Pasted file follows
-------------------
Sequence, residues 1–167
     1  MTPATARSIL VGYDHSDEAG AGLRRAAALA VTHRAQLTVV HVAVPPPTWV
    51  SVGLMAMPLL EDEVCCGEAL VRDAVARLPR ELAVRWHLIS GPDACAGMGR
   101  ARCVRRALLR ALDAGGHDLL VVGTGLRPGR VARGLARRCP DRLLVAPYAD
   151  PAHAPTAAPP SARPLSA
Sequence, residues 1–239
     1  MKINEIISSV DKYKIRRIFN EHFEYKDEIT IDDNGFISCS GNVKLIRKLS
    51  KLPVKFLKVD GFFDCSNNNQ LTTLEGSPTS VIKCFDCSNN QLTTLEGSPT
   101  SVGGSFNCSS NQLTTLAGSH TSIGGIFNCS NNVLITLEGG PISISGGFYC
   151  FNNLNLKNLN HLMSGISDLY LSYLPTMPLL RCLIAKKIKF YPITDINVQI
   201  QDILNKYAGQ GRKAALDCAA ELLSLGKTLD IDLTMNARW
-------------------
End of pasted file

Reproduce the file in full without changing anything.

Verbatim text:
Sequence, residues 1–167
     1  MTPATARSIL VGYDHSDEAG AGLRRAAALA VTHRAQLTVV HVAVPPPTWV
    51  SVGLMAMPLL EDEVCCGEAL VRDAVARLPR ELAVRWHLIS GPDACAGMGR
   101  ARCVRRALLR ALDAGGHDLL VVGTGLRPGR VARGLARRCP DRLLVAPYAD
   151  PAHAPTAAPP SARPLSA
Sequence, residues 1–239
     1  MKINEIISSV DKYKIRRIFN EHFEYKDEIT IDDNGFISCS GNVKLIRKLS
    51  KLPVKFLKVD GFFDCSNNNQ LTTLEGSPTS VIKCFDCSNN QLTTLEGSPT
   101  SVGGSFNCSS NQLTTLAGSH TSIGGIFNCS NNVLITLEGG PISISGGFYC
   151  FNNLNLKNLN HLMSGISDLY LSYLPTMPLL RCLIAKKIKF YPITDINVQI
   201  QDILNKYAGQ GRKAALDCAA ELLSLGKTLD IDLTMNARW